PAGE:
The Natives Appeared In Troops On Many Parts Of The Shore, And Some Seemed
Desirous To Come Off To Us In Canoes, But They Did Not; And, Probably, Our
Not Shortening Sail, Was The Reason.
From the South-west Cape, the
direction of the coast is N. by W.; but the most advanced land bore from it
N.W. by N., at which the land seemed to terminate.
Continuing to follow the
direction of the coast, at noon it was two miles from us; and our latitude,
by observation, was 16 deg. 22' 30" S. This is nearly the parallel to Port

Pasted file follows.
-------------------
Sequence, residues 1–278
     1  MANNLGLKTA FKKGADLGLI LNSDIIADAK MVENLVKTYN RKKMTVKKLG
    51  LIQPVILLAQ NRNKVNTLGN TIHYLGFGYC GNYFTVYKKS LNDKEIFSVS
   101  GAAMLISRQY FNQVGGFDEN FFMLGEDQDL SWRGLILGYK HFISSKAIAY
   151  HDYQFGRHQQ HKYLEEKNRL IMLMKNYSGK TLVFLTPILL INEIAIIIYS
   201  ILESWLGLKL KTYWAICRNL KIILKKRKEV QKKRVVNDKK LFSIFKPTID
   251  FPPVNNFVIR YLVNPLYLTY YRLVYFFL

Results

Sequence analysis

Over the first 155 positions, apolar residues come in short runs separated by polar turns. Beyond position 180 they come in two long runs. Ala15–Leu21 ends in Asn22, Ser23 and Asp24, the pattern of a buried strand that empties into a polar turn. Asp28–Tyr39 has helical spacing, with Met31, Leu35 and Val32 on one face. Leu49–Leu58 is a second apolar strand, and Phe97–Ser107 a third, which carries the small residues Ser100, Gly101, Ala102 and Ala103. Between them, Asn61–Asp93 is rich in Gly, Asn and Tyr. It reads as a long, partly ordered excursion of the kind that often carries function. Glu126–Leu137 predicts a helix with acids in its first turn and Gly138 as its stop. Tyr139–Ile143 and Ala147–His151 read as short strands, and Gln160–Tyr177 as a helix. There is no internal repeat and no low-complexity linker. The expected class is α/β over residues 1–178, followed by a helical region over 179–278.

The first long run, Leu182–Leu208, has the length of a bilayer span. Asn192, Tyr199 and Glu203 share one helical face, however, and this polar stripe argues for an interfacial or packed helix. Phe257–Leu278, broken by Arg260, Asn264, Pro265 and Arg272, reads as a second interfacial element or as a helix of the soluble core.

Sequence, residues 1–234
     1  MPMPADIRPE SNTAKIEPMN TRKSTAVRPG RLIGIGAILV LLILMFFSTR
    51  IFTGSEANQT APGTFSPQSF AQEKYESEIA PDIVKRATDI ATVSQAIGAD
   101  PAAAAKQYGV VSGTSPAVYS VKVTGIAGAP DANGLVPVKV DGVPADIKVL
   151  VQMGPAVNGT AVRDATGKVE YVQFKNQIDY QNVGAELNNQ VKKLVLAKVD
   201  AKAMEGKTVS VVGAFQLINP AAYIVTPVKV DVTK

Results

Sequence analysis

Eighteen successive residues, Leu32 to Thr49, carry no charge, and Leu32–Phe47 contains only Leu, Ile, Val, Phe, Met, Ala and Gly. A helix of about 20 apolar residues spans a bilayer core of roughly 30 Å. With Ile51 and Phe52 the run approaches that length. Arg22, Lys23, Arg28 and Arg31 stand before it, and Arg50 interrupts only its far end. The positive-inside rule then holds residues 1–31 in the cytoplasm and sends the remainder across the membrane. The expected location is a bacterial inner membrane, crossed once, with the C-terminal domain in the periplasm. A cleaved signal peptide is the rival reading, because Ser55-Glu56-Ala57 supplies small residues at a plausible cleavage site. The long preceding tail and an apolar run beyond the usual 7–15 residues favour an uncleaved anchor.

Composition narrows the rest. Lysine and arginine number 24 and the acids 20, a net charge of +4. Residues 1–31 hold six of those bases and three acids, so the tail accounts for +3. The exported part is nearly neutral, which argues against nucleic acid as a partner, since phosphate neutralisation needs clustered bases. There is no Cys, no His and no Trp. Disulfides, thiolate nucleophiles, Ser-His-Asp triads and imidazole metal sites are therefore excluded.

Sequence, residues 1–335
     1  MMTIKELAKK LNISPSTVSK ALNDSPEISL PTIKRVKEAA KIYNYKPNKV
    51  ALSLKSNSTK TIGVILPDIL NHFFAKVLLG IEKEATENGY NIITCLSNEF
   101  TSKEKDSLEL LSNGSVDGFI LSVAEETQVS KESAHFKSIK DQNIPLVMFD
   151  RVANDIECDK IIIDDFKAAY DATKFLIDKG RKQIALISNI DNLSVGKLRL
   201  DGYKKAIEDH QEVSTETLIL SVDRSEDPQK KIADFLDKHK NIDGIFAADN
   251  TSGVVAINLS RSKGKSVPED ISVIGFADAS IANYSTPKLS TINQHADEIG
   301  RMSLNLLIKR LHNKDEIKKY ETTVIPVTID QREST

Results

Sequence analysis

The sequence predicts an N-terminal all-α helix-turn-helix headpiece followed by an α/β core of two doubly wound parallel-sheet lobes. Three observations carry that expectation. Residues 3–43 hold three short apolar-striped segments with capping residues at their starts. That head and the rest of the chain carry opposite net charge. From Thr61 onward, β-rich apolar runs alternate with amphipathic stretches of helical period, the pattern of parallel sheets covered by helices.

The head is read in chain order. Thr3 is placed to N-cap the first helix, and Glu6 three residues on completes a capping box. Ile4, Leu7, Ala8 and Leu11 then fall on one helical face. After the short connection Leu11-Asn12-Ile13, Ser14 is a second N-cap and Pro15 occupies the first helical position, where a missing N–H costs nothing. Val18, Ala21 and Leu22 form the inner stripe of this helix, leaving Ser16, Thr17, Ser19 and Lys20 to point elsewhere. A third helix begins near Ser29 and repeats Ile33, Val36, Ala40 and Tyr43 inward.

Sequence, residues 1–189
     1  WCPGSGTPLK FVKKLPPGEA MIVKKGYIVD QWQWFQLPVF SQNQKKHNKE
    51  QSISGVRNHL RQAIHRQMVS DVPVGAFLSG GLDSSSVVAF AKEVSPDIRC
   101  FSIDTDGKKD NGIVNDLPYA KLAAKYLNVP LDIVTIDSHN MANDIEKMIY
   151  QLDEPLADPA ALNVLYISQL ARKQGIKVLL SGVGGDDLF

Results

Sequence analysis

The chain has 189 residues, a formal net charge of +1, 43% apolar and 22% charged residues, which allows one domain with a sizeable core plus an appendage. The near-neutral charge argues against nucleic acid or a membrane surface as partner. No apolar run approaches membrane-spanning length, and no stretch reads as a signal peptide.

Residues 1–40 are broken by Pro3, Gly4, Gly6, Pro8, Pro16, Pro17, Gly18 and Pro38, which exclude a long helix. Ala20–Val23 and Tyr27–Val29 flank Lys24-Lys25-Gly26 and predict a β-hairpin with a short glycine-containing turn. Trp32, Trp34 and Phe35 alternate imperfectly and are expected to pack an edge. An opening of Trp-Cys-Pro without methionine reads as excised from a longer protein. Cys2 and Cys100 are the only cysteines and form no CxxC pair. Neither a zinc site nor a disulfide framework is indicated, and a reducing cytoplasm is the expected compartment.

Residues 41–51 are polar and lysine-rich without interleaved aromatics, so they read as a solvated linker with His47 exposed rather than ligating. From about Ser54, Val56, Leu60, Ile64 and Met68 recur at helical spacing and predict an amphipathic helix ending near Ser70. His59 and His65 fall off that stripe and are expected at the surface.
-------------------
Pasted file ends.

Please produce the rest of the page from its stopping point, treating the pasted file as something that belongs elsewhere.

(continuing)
Sandwich, and our never-failing guide, the watch, shewed that we were 26'
west of it; a distance which the breadth of Mallicollo cannot exceed in
this parallel. The South-east Cape bore S. 26 deg. E., distant seven miles; and
the most advanced point of land, for which we steered, bore N.W. by N. At
three o'clock, we were the length of it, and found the land continued, and
trending more and more to the north. We coasted it to its northern
extremity, which we did not reach till after dark, at which time we were
near enough to the shore to hear the voices of people, who were assembled
round a fire they had made on the beach. There we sounded, and found twenty
fathoms and a bottom of sand; but, on edging off from the shore, we soon
got out of sounding, and then made a trip back to the south till the moon
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